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Coming from a Java background, I'm very used to camelCase. When writing C, using the underscore wasn't a big adjustment, since it was only used sparingly when writing simple Unix apps. In the meantime, I stuck with camelCase as my style, as did most of the class.

However, now that I'm teaching myself C# in preparation for my upcoming Usability Design class in the fall, the PascalCase convention of the language is really tripping me up and I'm having to rely on intellisense a great deal in order to make sure the correct API method is being used. To be honest, switching to the PascalCase layout hasn't quite sunk in the muscle memory just yet, and that is frustrating from my point of view.

Since C# and Java are considered to be brother languages, as both are descended from C++, why the variation in the language conventions? Was it a personal decision by the creators based on their comfort level, or was it just to play mindgames with new introductees to the language?

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By the way: neither Java nor C# are descended from C++. Java is descended from Objective-C (which is descended from Smalltalk), so it makes sense for them to use naming conventions from Smalltalk. C# is descended from the Pascal/Modula family (the lead designer of C# was also one of the lead developers of TurboPascal/Borland Pascal/Delphi), so PascalCase is no surprise there. –  Jörg W Mittag May 6 '13 at 23:19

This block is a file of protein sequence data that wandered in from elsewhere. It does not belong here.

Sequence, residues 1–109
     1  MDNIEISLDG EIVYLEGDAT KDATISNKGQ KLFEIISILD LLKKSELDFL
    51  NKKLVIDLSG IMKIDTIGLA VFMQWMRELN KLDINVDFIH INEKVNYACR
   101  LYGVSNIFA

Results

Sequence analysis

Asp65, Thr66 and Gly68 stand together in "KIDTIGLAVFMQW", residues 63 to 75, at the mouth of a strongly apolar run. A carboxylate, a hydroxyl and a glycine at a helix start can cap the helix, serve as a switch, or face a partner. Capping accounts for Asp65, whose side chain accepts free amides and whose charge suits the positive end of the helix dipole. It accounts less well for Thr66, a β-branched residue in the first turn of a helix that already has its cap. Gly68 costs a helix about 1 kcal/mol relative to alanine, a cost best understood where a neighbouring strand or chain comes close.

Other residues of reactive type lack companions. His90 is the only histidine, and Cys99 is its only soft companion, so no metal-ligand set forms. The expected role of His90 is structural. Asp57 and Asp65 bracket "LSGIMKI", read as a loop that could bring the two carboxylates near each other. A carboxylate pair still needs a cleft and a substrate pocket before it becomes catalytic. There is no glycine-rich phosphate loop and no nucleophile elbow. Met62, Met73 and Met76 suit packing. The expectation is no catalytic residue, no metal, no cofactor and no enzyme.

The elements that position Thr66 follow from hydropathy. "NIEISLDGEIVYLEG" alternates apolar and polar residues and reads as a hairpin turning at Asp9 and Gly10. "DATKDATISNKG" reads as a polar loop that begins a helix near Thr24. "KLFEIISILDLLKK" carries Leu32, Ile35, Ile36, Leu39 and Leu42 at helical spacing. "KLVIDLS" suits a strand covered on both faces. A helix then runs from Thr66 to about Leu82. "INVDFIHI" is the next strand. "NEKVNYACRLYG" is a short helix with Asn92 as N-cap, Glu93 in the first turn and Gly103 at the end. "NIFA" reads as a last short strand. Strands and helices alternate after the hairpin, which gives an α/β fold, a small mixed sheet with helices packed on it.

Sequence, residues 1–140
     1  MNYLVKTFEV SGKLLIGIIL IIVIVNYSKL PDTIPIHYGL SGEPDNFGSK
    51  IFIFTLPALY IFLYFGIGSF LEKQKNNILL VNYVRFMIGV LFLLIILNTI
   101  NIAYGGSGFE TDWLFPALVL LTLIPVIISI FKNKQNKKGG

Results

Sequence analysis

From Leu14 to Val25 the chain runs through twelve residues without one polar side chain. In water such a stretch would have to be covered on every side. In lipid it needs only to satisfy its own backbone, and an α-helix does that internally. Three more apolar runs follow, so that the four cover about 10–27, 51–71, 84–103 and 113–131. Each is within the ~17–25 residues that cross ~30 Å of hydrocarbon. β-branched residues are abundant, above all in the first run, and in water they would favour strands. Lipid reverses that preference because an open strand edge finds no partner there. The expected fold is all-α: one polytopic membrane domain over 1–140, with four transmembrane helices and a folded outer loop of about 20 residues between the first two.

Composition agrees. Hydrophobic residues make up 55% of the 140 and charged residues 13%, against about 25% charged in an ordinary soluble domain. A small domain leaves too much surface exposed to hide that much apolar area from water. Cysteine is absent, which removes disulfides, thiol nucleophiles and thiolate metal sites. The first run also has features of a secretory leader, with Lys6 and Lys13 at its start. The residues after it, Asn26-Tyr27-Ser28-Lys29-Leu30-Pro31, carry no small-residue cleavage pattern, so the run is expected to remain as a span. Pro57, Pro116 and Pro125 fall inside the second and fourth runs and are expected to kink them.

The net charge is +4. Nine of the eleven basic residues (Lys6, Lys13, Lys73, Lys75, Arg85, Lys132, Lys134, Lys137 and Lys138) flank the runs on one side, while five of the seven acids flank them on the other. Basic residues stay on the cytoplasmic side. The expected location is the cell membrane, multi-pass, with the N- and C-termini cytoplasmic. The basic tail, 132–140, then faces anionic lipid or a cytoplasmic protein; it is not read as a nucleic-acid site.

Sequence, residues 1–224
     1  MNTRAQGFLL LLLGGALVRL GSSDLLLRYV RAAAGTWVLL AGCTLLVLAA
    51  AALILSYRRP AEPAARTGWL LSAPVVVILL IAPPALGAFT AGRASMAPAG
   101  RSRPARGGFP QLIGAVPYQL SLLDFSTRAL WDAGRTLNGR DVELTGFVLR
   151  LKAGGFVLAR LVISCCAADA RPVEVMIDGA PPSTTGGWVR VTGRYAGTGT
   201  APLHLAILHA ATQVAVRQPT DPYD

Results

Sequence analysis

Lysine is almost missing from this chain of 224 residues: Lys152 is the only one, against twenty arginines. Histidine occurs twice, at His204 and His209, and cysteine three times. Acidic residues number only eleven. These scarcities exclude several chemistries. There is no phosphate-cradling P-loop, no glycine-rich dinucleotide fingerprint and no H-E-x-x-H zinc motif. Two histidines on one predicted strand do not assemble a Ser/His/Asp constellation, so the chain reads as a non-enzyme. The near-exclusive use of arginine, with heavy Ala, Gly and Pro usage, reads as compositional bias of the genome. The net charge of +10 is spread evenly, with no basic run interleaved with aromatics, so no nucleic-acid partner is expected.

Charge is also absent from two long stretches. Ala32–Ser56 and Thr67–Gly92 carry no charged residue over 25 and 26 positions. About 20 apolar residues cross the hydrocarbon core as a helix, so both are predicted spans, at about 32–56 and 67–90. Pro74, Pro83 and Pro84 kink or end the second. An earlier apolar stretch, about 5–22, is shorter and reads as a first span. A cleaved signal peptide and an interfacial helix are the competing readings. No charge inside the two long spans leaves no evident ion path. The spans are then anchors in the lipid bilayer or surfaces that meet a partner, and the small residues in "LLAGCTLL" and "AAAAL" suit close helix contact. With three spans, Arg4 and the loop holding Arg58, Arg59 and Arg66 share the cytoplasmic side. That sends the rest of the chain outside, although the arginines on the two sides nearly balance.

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5 Answers

up vote 8 down vote accepted

The culture difference originated long before C# or Java.

All three conventions have coexisted since the late 60s or early 70s, and have been popular in different groups. (As well as other conventions, including the unlamented Hungarian notation that Microsoft inflicted on so many for so long.)

In particular the inventors of Java were at Sun, and many were involved with StrongTalk, which is a form of Smalltalk. The Smalltalk community has used camelCase for a very, very long time.

The inventors of C# came from Microsoft. StudlyCaps was one of the major conventions at Microsoft, and is heavily seen in places like Visual C++.

Those originator styles appear in all of the core documentation, which influences groups who pick up the language, and therefore has caused the split in capitalization conventions between two very similar languages.

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YOU FORGET FORTRAN, THE FIRST HIGHER LEVEL COMPUTER LANGUAGE. BACK IN THOSE DAYS THERE WERE NO LOWER CASE LETTERS, AND SO EVERYTHING WAS IN UPPER CASE. LATER WE HAD EBCDIC BUT STILL THE KEYPUNCHES DID NOT SUPPORT LOWER CASE LETTERS SO ALL PROGRAMS WERE STILL KEYPUNCHED IN CAPITAL LETTERS. COBOL SAME AS FORTRAN; AFAIK SAME FOR ALGOL BACK THEN.

Then along came ASCII and terminals and suddenly lower case letters were all over the place.